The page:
27 May 2017
Gina Rinehart is covered in red dust — it’s filling her eyes and stubbornly settling on her face — as she inspects cattle at her top Northern Territory station, and despite the sun sitting high in the sky and a strong wind blowing desert dirt all over the Australian billionaire, she is smiling. Rinehart is fresh from a recent Kidman board meeting in Shanghai, with promises of further investment in new farming technologies, when The Weekend Australian joined her this week for a tour of Helen Springs station, the prized property in the Kidman portfolio.
Her passion for the land, born from a childhood spent on remote stations in the north of Western Australia, is on display as she plays tour guide of the remote property, about 140km north of Tennant Creek.
The softly-spoken Rinehart is in good spirits the night before touring the station, laughing with staff about an “in-joke” they all share and freely telling stories of recent travel. She is relaxed and excited about the potential to build on her cattle plans.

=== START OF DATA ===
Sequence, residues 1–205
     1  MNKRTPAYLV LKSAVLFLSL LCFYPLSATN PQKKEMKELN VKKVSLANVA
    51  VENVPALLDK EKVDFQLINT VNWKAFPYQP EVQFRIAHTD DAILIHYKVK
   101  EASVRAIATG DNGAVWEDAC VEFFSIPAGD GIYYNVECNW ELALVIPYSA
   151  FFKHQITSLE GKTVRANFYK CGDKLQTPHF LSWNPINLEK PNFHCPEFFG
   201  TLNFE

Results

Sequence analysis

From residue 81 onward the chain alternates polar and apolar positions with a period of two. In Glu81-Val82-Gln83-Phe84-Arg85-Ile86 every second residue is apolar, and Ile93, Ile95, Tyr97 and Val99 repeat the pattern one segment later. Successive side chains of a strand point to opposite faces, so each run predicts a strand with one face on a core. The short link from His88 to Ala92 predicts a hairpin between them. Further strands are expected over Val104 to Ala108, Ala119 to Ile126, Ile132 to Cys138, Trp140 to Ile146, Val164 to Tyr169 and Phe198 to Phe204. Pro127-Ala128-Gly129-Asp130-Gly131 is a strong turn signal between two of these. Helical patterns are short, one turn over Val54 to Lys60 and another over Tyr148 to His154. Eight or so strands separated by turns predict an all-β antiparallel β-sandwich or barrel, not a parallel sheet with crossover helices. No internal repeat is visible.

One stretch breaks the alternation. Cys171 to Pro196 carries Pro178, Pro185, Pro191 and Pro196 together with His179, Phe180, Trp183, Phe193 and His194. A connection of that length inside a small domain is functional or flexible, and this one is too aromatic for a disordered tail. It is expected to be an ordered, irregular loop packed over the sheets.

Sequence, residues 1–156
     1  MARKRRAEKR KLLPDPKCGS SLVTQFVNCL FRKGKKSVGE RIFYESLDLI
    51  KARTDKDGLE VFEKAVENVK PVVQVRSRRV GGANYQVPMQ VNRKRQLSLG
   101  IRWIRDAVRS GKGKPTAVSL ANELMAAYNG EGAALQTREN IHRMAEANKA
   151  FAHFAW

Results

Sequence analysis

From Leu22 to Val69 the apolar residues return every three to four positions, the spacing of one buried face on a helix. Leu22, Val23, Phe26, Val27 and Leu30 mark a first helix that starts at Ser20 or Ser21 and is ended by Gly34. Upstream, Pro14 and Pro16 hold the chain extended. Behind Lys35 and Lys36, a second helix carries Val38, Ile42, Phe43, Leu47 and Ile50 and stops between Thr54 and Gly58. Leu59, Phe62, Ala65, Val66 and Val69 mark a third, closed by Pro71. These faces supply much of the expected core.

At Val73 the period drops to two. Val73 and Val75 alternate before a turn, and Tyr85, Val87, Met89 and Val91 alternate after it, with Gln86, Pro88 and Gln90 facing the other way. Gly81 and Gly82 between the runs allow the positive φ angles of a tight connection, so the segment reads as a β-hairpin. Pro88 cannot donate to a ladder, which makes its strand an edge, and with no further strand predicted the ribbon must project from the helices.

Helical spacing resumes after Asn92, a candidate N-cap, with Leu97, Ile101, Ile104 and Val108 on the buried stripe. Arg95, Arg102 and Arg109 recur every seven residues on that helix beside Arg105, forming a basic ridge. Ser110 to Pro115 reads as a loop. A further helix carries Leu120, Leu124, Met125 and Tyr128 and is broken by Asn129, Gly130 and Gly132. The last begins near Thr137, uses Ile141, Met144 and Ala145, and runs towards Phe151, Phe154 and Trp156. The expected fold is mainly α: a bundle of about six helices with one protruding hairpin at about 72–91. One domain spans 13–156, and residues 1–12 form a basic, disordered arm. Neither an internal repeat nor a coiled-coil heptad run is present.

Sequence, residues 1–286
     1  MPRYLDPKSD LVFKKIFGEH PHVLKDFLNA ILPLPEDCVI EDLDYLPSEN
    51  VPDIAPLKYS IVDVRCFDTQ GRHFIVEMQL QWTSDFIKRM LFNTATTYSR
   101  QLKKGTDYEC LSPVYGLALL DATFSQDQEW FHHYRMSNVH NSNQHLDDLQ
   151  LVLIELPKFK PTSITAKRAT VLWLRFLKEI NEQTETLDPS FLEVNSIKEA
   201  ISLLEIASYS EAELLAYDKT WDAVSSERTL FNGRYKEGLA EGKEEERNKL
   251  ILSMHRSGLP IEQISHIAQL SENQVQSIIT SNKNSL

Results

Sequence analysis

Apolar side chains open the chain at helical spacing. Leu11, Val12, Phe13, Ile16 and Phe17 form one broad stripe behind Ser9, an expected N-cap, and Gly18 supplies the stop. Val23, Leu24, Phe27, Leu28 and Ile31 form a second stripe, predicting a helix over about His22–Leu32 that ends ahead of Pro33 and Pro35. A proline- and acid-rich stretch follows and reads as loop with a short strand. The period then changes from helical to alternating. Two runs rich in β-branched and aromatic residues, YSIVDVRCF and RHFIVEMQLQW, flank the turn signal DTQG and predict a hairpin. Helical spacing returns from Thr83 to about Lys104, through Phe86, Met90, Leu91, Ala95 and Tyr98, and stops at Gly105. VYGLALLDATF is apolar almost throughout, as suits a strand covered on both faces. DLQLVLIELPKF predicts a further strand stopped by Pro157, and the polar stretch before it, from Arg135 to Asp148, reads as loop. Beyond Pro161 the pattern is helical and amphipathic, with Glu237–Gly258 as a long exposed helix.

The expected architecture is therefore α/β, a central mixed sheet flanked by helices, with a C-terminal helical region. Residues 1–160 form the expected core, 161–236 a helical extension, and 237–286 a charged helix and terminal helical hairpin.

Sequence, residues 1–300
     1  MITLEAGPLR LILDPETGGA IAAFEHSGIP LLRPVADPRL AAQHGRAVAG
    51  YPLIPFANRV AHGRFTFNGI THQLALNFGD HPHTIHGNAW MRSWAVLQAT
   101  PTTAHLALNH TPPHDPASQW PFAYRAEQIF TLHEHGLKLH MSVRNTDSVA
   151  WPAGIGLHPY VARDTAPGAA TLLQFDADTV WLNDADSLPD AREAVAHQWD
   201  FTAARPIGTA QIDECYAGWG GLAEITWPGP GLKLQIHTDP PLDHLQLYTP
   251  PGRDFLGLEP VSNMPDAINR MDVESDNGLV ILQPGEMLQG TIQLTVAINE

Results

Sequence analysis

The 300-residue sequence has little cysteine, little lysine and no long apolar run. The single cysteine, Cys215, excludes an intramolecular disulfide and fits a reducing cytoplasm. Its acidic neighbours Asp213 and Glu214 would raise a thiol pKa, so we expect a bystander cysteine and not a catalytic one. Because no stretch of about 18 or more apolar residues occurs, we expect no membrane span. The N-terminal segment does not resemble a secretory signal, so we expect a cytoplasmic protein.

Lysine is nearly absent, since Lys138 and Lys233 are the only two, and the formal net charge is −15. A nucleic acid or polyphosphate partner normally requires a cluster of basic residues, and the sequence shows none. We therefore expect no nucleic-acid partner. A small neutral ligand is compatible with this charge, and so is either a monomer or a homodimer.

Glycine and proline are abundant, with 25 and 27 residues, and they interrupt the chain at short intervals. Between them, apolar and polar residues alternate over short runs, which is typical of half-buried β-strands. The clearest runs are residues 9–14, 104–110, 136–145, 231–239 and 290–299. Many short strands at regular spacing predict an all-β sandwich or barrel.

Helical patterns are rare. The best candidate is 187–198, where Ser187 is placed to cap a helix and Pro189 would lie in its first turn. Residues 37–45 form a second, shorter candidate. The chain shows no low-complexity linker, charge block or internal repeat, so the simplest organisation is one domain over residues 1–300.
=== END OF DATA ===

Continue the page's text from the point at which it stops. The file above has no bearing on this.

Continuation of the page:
Helen Springs, the jewel in the crown of the Kidman properties, is a picture-perfect location for Rinehart to share her vision for her cattle empire. The homestead is an oasis in the desert, with a sprawling garden, filled with a variety of fruit trees — lemon, grapefruit and coconut palms — and pink roses in bloom.
Viewing the vast station from the air on the day of the tour, Rinehart’s sharp eye is scanning the land from the helicopter window, as she points out to the station manager she wants to see more shade for the animals. It soon becomes apparent the billionaire is a soft touch when it comes to the animals and is determined to ensure they have appropriate shade at watering holes and stockyards. “We want to shade the stockyards because we want to, not because we have to,” she says.
Rinehart is across every detail about the station and her wider cattle interests and she is confident the changes they are set to implement will lead the industry.